1912 Bosch DA1V Magneto                                May 2017

DA1V magneto on 1912 racer showing one type of snap type connectors

Firstly for the early Enfield project, this type of open horseshoe magneto was made (I believe) between 1907-1920. The correct angle is 60 degrees, I have a 50 degree version, missing a few bits. Any parts (or a complete mag) would be welcome, but especially the HT lead connections. On this mag type (and I believe on all open horseshoe types), the terminal is a brass ball of 6mm diameter. Onto this a 'snap' type connector clips over the ball, and is screwed or soldered (depending on type) to the HT lead. This is an enlarged detail shot of the high mounted mag on the 1912 racer. The HT connectors look like long black cylinders on the end of the HT leads.

Snap connector 1

Seen on a restored bike, this is a similar connector to the type seen above.

Another view

A view of the business end of the connector.

Original type details                                                June 2017

Original ebonite/bakelite cover with modern homemade internals. The cross hole in the brass receives the brass ball terminal, retained by the piano wire clip.

I've just paid a visit to David, a 76 year old enthusiast who's been into the older end of the spectrum a bit longer than me. He's happily remaking various models of these snap connectors, so I had the chance to examine some original and new copies. David wants to concentrate on his own bikes from now on (one of which is a 2 3/4 RE twin), so armed with a better appreciation of the appearance/build up, I'll now be making a pair for the racer.

Snap connector 2

The standard 1912 road bike came with the correct magneto complete with a different snap connector. This type is a bare brass sleeve, crimped to the outer insulation and soldered on to the copper core. The connection to the ball is by a retained spring clip over a formed hemisphere (to receive the ball). The lower photo shows it clipped in place over the ball, the upper 2 show both 'sides' of the connector. I haven't been able to find either of the 2 types yet, and I'm not aware of anyone making replicas.........unless you know different?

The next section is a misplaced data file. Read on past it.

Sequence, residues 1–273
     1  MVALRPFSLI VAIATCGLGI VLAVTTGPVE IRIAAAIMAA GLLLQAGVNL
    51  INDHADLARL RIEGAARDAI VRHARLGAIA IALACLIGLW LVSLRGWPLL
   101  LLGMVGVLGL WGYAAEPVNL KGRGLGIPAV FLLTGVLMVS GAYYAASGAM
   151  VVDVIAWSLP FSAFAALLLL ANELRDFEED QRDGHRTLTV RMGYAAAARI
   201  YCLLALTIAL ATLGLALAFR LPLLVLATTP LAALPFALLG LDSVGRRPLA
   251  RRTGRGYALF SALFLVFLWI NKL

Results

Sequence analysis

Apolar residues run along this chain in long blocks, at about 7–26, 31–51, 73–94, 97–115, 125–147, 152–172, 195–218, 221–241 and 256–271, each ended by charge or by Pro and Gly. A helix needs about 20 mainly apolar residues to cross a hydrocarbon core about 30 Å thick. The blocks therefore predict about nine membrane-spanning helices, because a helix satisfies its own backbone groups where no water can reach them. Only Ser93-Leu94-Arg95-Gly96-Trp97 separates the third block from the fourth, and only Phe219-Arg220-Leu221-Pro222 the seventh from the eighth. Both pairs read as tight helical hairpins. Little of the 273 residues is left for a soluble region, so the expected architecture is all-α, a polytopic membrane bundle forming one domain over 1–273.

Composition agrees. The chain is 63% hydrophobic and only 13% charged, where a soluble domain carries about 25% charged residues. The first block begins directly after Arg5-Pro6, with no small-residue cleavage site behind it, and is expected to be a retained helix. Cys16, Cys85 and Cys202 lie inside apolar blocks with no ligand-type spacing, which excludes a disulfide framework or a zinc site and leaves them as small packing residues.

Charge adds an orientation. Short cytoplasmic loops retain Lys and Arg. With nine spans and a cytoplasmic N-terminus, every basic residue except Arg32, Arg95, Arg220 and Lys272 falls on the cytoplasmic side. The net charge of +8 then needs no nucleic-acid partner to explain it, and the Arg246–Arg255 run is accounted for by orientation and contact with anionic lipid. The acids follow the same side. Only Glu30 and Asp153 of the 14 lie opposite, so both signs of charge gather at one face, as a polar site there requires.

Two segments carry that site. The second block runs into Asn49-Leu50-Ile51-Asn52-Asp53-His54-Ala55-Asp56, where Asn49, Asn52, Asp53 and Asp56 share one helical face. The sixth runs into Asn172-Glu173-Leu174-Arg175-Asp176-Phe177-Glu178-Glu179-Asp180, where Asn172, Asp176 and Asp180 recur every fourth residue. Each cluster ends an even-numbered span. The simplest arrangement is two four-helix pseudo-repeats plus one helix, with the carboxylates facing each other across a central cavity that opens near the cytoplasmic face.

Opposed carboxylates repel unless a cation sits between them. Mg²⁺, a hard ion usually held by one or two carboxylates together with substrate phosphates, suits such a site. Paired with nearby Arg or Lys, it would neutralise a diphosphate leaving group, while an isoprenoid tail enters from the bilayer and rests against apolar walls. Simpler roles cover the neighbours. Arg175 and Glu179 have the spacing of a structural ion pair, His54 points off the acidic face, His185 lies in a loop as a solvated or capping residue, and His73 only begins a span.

Update - bakelite tube type tracked down as above, and as I have an example of the 2nd type on the model 160, it looks like I'll be making both types from scratch. The model 160 has to have the bare brass type - there isn't enough clearance to the rear chainguard to fit anything else.

Cam ring/advance retard lever

Seen here on a DA1 magneto, this cam ring has an integral advance/retard lever with ebonite knob. The road bike has a series of rods, and a lever mounted on the side of the petrol tank, but the racer/twin tank machine should have a direct mounted lever such as this.

In use in 1912                                                        May 2017

Same lever seen on the 1912 Bert Colver racer.

Girder fork realisation                                            July 2017

I've had the project bike about a full 12 months. Admittedly the model 160 only turned up in January this year, but I've only in the last 2 weeks realised that the fork legs that came with the project bike aren't correct!

So now I've got adverts out there trying to locate a set of fork legs, or a complete set of single spring Enfield forks for the 160. It's highly unlikely that anything will turn up, but you've got to try, I do at least have a set of 3hp/425cc fork legs to trade.

CAP carburettor (AKA BSA)                                   July 2017

Very few old bike nuts will know this. BSA used a carburettor between 1913 and 1923 that consisted of 2 horizontal barrels mounted across a common inlet tract (see photo). The carb is not a BSA design, it was originally designed and patented by a Harold J Cox, and marketed by him as a CAP carburettor. Mid 1912, BSA bought the design, patent and manufacturing rights and stamped a few "piled arms" in conspicuous places.

Bert Colver used a pre BSA CAP carb on the Brooklands racer (it is fitted to the bike in the photo of the racer on the sidecar), and I'd like to fit this type of carb to the 1912 project bike. I severely doubt whether a CAP will still exist, but BSA carbs certainly do. Interestingly, the carb featured an adjustable jet (the adjusting thumbwheel of which can be seen between the 2 horizontal chambers just behind the control cables.

A year and 1 week apart, spot the differences.